Simon Fraser University researchers have designed a remarkably fast engine that taps into a new kind of fuel—information.

The development of this , which converts the random jiggling of a microscopic particle into stored energy, is outlined in research published this week in the Proceedings of the National Academy of Sciences (PNAS) and could lead to significant advances in the speed and cost of computers and bio-nanotechnologies.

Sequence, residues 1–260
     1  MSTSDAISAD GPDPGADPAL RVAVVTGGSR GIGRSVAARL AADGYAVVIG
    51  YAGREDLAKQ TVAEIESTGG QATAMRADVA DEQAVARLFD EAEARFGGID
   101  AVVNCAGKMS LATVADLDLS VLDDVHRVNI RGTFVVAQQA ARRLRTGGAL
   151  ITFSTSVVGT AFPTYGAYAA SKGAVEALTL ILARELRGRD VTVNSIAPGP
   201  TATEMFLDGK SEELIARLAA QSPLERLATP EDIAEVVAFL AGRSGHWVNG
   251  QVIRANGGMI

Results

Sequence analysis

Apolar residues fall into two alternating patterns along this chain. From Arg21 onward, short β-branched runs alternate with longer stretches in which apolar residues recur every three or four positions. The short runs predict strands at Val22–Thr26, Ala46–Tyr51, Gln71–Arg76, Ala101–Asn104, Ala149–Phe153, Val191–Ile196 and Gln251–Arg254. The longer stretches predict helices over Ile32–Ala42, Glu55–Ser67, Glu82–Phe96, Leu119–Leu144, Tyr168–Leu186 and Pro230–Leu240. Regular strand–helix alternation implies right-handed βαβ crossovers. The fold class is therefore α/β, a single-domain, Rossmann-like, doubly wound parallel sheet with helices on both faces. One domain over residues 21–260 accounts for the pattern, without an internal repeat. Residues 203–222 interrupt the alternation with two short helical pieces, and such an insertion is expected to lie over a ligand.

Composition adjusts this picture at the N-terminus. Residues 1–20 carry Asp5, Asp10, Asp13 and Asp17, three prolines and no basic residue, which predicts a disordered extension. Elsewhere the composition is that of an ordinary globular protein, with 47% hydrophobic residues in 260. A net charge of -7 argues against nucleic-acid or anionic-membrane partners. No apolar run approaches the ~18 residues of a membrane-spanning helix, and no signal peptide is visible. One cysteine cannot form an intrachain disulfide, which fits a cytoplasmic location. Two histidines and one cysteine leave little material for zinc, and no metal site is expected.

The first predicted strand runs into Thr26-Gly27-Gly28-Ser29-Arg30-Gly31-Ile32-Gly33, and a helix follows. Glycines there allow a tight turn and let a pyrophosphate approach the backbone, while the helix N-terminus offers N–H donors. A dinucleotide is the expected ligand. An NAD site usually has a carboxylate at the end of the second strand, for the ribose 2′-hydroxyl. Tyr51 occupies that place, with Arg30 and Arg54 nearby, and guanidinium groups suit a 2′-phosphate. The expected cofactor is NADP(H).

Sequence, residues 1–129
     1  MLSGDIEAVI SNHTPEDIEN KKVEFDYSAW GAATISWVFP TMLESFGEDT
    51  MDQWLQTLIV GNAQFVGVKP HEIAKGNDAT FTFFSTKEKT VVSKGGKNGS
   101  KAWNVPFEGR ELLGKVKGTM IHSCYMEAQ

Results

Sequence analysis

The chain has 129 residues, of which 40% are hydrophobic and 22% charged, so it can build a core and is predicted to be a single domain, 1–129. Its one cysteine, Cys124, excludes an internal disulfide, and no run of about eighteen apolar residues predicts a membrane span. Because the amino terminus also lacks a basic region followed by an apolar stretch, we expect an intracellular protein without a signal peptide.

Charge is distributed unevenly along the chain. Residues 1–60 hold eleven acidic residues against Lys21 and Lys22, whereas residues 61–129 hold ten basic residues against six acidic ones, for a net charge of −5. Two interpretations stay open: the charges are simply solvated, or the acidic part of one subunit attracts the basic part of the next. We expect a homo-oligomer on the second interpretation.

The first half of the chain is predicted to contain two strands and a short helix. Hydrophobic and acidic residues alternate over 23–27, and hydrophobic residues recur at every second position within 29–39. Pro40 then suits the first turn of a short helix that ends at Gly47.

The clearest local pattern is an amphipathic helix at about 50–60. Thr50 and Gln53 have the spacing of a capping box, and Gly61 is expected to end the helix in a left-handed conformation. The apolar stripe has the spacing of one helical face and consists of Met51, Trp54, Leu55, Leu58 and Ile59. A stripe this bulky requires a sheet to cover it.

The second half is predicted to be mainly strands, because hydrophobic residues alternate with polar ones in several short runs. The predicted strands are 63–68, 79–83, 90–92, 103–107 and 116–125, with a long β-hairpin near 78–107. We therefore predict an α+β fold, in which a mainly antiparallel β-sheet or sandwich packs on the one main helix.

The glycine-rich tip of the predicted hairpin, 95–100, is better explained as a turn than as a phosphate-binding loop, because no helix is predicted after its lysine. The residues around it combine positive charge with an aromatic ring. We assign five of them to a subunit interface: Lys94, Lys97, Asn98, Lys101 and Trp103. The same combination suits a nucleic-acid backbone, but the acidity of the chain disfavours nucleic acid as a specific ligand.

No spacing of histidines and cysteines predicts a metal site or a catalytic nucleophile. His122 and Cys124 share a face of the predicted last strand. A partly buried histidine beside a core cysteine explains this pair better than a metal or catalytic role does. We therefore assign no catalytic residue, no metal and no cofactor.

SFU physics professor and senior author John Bechhoefer says researchers' understanding of how to rapidly and efficiently convert information into "work" may inform the design and creation of real-world information engines.

"We wanted to find out how fast an information engine can go and how much energy it can extract, so we made one," says Bechhoefer, whose experimental group collaborated with theorists led by SFU physics professor David Sivak.

Engines of this type were first proposed over 150 years ago, but actually making them has only recently become possible.

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